Monday, September 15, 2014

Gluten Sensitivity, Vitamin D, and Cavities

 Worldwide, 60–90% of school children and nearly 100% of adults have dental cavities, according to the World Health Organization. What makes this statistic so concerning is that oral health is essential to general health and quality of life. Something many are unaware about is the connection between gluten sensitivity, vitamin D, and oral health.

A study conducted in 2012, confirmed that gluten causes the body to produce an immune reaction against one of the main proteins responsible for producing enamel on the teeth. The lack of enamel causes excessive cavities, tooth wear and tear, and thus the premature destruction or loss of teeth.

Vitamin D, on the other hand, produces two proteins (cathelicidins and defensins) which have antibacterial effects to fight the bacteria that cause cavities. Vitamin D deficiency is proven to be a cause of tooth decay within clinical trials involving 3,000 children. What Dr. Hujoel found was that an increase in vitamin D levels reduced cavities to 50 percent.

Gluten sensitive people, eating a normal diet with gluten have low vitamin D from many different mechanisms, including their skin has trouble making vitamin D. Eliminating gluten from the diet stops further destruction, but does not in most cases heal. For that you need to heal the gut, and do a GAPS diet.  

In light of this information, I have a few recommendations to improve the quality, mineralization and health of your pearly whites.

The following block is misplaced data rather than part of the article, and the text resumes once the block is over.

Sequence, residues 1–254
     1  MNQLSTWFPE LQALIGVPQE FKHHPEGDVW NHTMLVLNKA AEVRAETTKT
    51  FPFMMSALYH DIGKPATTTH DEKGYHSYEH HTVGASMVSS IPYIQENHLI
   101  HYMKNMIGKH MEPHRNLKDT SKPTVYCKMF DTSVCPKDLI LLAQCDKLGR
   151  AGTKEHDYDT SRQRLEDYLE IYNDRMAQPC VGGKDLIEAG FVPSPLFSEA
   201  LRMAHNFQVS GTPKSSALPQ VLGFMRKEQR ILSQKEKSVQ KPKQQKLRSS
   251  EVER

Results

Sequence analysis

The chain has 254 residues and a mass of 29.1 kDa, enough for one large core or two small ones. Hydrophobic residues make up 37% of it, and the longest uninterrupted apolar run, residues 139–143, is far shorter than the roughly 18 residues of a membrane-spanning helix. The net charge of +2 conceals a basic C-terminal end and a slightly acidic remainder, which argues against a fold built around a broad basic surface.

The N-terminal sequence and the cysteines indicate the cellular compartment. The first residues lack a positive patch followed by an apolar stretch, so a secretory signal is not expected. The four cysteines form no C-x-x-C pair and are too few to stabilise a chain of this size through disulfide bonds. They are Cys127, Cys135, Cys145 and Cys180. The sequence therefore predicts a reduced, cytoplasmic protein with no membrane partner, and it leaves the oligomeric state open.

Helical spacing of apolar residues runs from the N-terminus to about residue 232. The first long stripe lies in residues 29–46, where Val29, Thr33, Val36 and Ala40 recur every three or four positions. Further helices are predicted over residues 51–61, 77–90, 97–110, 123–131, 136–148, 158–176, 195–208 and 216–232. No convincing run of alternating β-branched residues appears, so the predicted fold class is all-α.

1. Commit to a GAPS diet, which consists of eating fermented foods, probiotics, and foods high in vitamin D while eliminating grains, dairy, legumes, and sugar. A GAPs diet helps increase the absorption of nutrients, minerals, and fat soluble vitamins, such as vitamins K, D, E, and A. 
  2. Take silica supplements that can be found as liquids, powders, or tablets. 
  3. Drink green and black tea frequently (without any sweeteners, milk, or cream) as it reduces plaque buildup and suppresses bacteria levels in your mouth
  4. Brush your teeth with baking soda with or without peroxide and then rub a small amount of xylitol powder (corn free, made from birch or any hardwood tree on your teeth. Commercial toothpaste contains glycerin, which prevents the mineralization of your teeth.
  5. “Oil Pulling”, an ancient art popularized by Dr. Bruce Fife, involves rinsing your mouth with a few teaspoons of oil. I recommend coconut oil and unpasteurized butter for the oil used, for whiter and healthier teeth!
  6.  Avoid the “dirty dozen” as described by the Environmental Working Group, which include, seed oils, farmed fish, and chemical exposure of all kinds (creams, toothpaste, tap water with fluoride, ‘Raid’, baby shampoo, etc).
  7. Keep your vitamin D serum levels above 100. You will need a blood test to determine your vitamin D level.  

      To Your Health
       Dr. Barbara


  1. Oil pulling is a great solution for dental problems, it relieve bad breath and also reduce the plaque and rinse out the bacteria in present in the mouth.
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  2. Nice information provided in the blog. Along with teeth cleaning proper diet is essential for teeth health.
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  3. Thank you Dr. Mills and Dr. Wood for your comments. I am encouraged that dentists such as yourselves are part of the team of health care practitioners that will help to diagnose those suffering from celiac and non-celiac gluten sensitivity. The numbers undiagnosed is astronomica: for everyone diagnosed there is 13-39 (from different studies) persons with gluten sensitivity undiagnosed. A severe public health issue.

  4. Dental check up is important thing, if we have any kind of dental problem dentist can inform about it and give proper treatment.
    Ottawa Dentist

  5. Thanks for sharing such an informative post... Keep sharing.
    General Dentist in Barrie